April 14, 2010

Signatures Turned in for Arizona Medical Marijuana Initiative

April 14, 2010

According to media reports out of Arizona, the Arizona Medical Marijuana Policy Project submitted more than a quarter of a million signatures to the Arizona Secretary of State’s Office for a medical marijuana initiative. If 153,365 of the signatures are valid (the State will determine that within 20 days), the Arizona Medical Marijuana Act will appear on the November ballot.

“We are proud to turn in these signatures today on behalf of the thousands of patients in Arizona who will benefit from this law once it is enacted,” said Andrew Myers, campaign manager for the Arizona Medical Marijuana Policy Project. “People suffering from multiple sclerosis, cancer, AIDS, and other serious illnesses should not be forced to seek on the streets the medicine they and their doctors know they need. This initiative proposes instead a dispensary system that will give patients safe and reliable access to medical marijuana if they possess a doctor’s recommendation to use it. We look forward to qualifying for the ballot and bringing our message to voters over the coming months.”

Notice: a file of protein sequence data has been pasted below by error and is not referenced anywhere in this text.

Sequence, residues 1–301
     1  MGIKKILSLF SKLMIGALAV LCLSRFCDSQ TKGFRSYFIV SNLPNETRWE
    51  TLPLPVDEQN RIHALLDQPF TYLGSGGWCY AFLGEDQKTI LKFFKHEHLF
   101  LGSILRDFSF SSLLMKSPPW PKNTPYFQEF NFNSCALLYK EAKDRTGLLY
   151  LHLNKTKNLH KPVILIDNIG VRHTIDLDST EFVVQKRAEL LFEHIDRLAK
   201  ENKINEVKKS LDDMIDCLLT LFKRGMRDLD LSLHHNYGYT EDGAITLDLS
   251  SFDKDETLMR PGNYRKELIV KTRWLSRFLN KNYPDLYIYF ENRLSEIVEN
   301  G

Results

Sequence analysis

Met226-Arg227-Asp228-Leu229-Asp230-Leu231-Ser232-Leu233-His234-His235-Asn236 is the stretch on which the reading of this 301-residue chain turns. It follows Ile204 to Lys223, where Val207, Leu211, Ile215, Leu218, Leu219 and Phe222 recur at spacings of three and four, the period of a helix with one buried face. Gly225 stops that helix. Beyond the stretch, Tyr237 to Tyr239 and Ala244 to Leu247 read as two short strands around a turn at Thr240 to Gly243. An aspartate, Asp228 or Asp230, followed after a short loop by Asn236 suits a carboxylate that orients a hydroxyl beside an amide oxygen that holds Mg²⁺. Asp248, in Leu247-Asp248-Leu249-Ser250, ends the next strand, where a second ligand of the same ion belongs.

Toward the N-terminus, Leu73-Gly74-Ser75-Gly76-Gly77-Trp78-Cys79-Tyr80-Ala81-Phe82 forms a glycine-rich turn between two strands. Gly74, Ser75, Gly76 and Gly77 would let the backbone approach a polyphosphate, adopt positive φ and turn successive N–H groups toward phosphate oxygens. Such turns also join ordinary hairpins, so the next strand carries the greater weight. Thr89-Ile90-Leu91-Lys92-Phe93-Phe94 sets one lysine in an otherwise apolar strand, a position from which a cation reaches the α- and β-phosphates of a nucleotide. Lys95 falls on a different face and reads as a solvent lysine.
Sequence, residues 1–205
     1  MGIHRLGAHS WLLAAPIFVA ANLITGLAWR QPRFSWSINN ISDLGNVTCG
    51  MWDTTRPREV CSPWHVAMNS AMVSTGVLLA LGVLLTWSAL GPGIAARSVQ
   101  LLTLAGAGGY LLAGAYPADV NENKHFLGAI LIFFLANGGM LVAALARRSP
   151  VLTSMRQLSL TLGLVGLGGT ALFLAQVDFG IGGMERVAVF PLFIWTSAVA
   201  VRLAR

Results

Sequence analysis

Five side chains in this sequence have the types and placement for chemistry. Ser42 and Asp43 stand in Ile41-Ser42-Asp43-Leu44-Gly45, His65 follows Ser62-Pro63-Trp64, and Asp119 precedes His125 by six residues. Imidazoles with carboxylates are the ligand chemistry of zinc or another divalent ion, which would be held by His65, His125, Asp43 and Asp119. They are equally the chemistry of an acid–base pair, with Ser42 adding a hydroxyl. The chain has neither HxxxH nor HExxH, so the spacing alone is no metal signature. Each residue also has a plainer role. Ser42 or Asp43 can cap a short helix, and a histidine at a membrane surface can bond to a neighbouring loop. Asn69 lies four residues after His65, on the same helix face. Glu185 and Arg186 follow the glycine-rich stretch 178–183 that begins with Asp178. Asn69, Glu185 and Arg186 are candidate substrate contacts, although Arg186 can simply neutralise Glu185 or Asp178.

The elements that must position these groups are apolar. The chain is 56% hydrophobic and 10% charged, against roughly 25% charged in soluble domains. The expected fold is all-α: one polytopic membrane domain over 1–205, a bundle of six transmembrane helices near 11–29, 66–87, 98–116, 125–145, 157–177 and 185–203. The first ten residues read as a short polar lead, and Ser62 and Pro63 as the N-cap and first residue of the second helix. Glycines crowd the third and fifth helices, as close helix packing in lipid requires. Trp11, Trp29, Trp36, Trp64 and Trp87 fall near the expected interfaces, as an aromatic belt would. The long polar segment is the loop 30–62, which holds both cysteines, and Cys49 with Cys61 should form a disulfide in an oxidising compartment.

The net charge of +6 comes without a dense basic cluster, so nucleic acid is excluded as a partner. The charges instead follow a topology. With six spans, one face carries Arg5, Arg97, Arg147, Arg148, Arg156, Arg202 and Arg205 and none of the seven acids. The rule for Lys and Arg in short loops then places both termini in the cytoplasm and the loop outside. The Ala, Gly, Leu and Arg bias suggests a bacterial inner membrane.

Here are the basic facts of the initiative, as found on the Arizona Medical Marijuana Policy Website:

What would Arizona’s medical marijuana initiative do?

-Allow terminally and seriously ill patients who find relief from marijuana to use it with their doctors’ approval.

-Protect these seriously ill patients from arrest and prosecution for the simple act of taking their doctor-recommended medicine.

-Permit qualifying patients or their caregivers to legally purchase their medicine from tightly regulated clinics, as they would any other medicine — so they need not purchase it from the criminal market.

-Permit qualifying patients or their caregivers to cultivate their own marijuana for medical use if a regulated medical marijuana clinic is not located within 25 miles of the qualifying patient.

-Create registry identification cards, so that law enforcement officials could easily tell who was a registered patient, and establish penalties for false statements and fraudulent ID cards.

-Allow patients and their caregivers who are arrested to discuss their medical use in court.

-Keep commonsense restrictions on the medical use of marijuana, including prohibitions on public use of marijuana and driving under the influence of marijuana.

To read the full text of the initiative click here


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